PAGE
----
Drugs Used to Fight Hepatitis, Worm Infections Might Stop Zika | NBC4 Washington
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Drugs Used to Fight Hepatitis, Worm Infections Might Stop Zika

Zika has caused smaller epidemics of birth defects, notably brain damage that can cause miscarriages or profound developmental injuries

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    In this Jan. 30, 2016 photo, a baby born in Brazil with microcephaly — a birth defect caused by the zika virus —cries as he's being held by his brother.

    A drug already on the market to treat worm infections and another being tested against liver diseases may also help treat Zika virus infections, researchers reported Monday.

    The findings are a rare bit of good news about Zika, which has caused epidemics across Latin America and the Caribbean, and smaller outbreaks in Florida, the Pacific and southeast Asia, NBC News reported.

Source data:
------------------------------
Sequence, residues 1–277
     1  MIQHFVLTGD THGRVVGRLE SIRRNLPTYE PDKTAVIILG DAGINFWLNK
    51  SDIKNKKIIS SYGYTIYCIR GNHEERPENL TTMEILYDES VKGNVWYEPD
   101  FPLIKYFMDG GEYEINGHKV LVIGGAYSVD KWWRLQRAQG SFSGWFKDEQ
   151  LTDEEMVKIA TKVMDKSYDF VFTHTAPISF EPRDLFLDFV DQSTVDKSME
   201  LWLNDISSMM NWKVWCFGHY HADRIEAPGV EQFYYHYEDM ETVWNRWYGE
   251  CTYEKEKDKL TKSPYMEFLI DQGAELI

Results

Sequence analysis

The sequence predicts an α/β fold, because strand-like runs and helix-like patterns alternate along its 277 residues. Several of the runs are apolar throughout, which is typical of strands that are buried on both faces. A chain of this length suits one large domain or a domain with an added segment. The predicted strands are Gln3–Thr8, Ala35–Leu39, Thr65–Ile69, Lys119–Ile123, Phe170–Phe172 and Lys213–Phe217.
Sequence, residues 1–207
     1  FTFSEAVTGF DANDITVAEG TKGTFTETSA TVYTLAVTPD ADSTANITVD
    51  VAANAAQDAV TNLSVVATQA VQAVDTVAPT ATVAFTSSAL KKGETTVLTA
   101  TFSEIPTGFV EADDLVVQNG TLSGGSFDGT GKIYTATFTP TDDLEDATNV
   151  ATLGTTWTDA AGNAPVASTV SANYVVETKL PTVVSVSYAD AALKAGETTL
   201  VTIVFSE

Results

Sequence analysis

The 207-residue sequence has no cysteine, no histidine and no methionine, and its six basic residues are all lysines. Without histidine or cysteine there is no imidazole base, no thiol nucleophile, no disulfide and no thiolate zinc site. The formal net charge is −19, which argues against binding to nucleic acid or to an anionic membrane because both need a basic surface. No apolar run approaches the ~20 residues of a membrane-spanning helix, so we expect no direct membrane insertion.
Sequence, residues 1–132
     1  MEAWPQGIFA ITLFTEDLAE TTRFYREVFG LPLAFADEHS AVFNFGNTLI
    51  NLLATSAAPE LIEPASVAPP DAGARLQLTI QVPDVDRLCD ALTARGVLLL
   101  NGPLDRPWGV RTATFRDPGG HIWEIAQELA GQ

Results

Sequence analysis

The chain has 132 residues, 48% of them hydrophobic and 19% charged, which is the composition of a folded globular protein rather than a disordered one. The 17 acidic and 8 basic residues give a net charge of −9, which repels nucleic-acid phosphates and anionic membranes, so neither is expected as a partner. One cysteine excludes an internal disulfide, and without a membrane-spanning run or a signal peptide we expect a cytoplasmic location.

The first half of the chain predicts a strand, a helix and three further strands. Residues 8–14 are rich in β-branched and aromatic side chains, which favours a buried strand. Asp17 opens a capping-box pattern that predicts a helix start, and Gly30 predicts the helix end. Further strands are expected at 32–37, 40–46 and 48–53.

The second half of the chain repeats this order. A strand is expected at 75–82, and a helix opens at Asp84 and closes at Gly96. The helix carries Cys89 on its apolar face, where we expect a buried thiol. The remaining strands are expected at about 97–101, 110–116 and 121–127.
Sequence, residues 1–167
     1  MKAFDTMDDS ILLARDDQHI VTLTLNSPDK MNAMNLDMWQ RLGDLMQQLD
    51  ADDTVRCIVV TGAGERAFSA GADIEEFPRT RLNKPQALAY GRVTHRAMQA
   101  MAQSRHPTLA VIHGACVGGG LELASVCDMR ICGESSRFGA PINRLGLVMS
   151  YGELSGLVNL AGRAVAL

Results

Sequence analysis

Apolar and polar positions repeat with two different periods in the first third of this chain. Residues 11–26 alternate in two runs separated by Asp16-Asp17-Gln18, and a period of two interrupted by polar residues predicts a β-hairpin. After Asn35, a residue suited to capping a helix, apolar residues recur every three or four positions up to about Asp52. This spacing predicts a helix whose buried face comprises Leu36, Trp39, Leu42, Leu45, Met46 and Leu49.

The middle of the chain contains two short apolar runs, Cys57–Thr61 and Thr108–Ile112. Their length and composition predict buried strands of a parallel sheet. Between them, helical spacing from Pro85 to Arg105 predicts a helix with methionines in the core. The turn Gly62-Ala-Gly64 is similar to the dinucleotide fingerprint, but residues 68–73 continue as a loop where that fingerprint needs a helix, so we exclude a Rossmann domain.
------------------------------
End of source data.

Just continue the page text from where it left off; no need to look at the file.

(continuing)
Zika has caused smaller epidemics of birth defects, notably brain damage that can cause miscarriages or profound developmental injuries in babies.

    The team at the National Institutes of Health (NIH), Johns Hopkins University and Florida State University looked first in a library of existing drug compounds for products that might act to stop Zika from killing brain cells and perhaps stop it from replicating itself.

    One of the drugs is Nicosamide used to treat worm infections, and the other is Emricasan to treat hepatitis C.